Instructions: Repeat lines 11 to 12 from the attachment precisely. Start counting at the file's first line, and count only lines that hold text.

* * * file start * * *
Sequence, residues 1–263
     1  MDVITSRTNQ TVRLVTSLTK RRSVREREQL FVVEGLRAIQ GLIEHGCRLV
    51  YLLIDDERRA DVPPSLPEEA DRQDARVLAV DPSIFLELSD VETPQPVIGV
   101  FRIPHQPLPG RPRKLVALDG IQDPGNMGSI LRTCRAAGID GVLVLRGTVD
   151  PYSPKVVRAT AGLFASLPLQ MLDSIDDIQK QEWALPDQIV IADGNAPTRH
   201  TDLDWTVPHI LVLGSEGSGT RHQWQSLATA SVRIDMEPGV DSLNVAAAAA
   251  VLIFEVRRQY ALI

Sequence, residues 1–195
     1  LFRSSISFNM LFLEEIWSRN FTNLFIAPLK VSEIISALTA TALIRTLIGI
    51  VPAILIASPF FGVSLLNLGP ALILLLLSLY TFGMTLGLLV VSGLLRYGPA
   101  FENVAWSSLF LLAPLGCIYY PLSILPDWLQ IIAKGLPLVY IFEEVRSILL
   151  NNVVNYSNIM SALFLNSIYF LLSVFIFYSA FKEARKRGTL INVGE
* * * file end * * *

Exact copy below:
   101  FENVAWSSLF LLAPLGCIYY PLSILPDWLQ IIAKGLPLVY IFEEVRSILL
   151  NNVVNYSNIM SALFLNSIYF LLSVFIFYSA FKEARKRGTL INVGE